The question boils down to this, was the removal of the child to Ohio grounds for revoking plaintiff's custody? We think not. It has been repeatedly held by our courts that such an act standing alone would not justify such action. We shall not review those cases, but will cite a few. Schmidt v. Schmidt, 346 Ill. App. 436, 105 N.E.2d 117; Wolfrum v. Wolfrum, 5 Ill. App.2d 471, 126 N.E.2d 34; Bulandr v. Bulandr, 23 Ill. App.2d 299, 162 N.E.2d 585; Jayroe v. Jayroe, 58 Ill. App.2d 79, 206 N.E.2d 266. In Dokos v. Dokos, 88 Ill. App.2d 330, 232 N.E.2d 508 we find a case almost parallel on facts, and the language there used is most apropos to this case.
As previously stated, subsequent to filing the notice of appeal the defendant, on October 31st, filed two petitions, one seeking to suspend all money payments, and one for a rule on plaintiff to show cause why she should not be deemed in contempt of court for taking the child out of the State of Illinois. These were set for hearing on November 16, 1967, on which day the plaintiff filed the motion for change of venue.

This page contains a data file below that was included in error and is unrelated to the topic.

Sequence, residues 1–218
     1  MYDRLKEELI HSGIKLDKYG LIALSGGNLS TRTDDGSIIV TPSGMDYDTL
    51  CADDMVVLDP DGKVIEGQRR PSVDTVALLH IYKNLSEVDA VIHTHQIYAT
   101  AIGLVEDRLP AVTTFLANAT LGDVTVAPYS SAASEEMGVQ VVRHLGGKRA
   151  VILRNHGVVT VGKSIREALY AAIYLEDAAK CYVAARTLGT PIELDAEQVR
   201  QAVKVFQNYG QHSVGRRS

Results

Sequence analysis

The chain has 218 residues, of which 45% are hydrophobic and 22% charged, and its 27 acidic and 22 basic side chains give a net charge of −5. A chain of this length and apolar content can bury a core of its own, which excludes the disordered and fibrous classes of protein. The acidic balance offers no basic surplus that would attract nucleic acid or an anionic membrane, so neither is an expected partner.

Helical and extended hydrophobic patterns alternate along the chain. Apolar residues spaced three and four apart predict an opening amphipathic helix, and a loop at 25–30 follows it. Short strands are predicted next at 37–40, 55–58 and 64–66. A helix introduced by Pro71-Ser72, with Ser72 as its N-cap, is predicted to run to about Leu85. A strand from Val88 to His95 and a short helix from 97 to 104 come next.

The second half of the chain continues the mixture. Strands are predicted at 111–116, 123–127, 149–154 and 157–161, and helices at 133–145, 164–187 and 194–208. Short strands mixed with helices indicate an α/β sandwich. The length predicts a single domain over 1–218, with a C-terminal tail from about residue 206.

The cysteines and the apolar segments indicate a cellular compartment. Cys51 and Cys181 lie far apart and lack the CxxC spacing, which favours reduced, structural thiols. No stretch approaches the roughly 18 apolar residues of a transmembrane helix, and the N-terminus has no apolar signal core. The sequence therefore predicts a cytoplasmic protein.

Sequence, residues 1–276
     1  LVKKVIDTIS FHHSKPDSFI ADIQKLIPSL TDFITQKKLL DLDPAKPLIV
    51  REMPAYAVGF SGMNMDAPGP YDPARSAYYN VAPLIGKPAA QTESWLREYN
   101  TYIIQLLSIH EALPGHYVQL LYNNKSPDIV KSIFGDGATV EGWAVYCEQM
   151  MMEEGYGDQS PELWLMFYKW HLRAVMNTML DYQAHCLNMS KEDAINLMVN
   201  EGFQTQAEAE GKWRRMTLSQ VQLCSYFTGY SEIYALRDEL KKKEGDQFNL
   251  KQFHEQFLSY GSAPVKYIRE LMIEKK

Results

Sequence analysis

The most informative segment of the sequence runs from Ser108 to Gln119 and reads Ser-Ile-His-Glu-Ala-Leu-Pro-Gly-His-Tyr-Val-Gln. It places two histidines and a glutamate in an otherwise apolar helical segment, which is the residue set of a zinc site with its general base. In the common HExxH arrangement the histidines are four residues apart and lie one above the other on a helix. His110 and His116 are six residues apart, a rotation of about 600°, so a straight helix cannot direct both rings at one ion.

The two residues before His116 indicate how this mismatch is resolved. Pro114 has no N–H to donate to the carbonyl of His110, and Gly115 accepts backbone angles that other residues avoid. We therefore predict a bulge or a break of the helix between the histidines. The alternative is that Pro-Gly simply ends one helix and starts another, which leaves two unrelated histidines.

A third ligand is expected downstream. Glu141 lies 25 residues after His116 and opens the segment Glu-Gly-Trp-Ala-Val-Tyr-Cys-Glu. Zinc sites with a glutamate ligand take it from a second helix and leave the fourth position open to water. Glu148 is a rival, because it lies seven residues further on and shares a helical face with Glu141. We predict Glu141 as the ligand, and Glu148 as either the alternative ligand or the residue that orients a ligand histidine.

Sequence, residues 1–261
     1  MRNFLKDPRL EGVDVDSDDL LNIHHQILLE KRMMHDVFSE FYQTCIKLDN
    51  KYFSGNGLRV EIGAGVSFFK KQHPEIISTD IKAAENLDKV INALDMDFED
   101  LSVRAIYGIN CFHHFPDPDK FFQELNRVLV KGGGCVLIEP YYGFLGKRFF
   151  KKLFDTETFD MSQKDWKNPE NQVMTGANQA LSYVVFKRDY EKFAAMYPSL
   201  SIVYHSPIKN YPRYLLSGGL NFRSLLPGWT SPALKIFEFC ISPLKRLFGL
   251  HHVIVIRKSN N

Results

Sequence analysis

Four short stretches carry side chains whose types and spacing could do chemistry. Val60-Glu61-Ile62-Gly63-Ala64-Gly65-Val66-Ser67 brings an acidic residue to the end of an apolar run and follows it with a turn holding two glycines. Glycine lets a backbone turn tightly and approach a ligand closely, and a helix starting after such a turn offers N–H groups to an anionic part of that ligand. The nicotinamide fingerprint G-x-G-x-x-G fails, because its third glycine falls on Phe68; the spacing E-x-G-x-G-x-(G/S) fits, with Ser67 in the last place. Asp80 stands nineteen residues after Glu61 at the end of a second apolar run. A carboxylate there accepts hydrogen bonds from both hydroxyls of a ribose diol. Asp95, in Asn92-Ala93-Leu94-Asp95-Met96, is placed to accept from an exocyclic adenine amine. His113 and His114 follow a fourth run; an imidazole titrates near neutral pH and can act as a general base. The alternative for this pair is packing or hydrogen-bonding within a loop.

No rule was entered on plaintiff to appear and show cause, and without such a rule or hearing the court proceeded to find the plaintiff in contempt and sentenced her to thirty days in jail and ordered mittimus to issue. Inasmuch as plaintiff was then beyond the jurisdiction of the court, the mittimus was not executed. This alleged contempt was not a direct contempt, and plaintiff was entitled to a hearing thereon. She was deprived of due process and the order exceeded the power of the court. Furthermore the very matter basic to the determination of the question of contempt was then pending on appeal to the Appellate Court.
On the same occasion the court denied plaintiff's motion for change of venue. It is argued that the motion was not filed in apt time. The question of aptness in time must be measured in the light of the time the alleged prejudice was discovered. From the time of taking the appeal on September 7, the cause was dormant, so far as the trial court was concerned. It was not again before the trial court for further consideration until the filing of defendant's petition on October 31st. We believe the motion was made in apt time. Without any extended comment, it occurs to the court that these statements, made by the trial court, after the notice of appeal, constituted a justified basis for a request for change of venue for future proceedings, and that such prayer should have been granted.